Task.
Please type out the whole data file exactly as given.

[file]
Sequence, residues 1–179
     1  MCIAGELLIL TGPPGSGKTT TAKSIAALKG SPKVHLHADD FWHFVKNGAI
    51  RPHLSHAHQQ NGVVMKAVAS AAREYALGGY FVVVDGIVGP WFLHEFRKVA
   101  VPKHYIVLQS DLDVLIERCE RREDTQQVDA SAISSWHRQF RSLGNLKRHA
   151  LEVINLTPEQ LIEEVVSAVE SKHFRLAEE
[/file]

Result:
Sequence, residues 1–179
     1  MCIAGELLIL TGPPGSGKTT TAKSIAALKG SPKVHLHADD FWHFVKNGAI
    51  RPHLSHAHQQ NGVVMKAVAS AAREYALGGY FVVVDGIVGP WFLHEFRKVA
   101  VPKHYIVLQS DLDVLIERCE RREDTQQVDA SAISSWHRQF RSLGNLKRHA
   151  LEVINLTPEQ LIEEVVSAVE SKHFRLAEE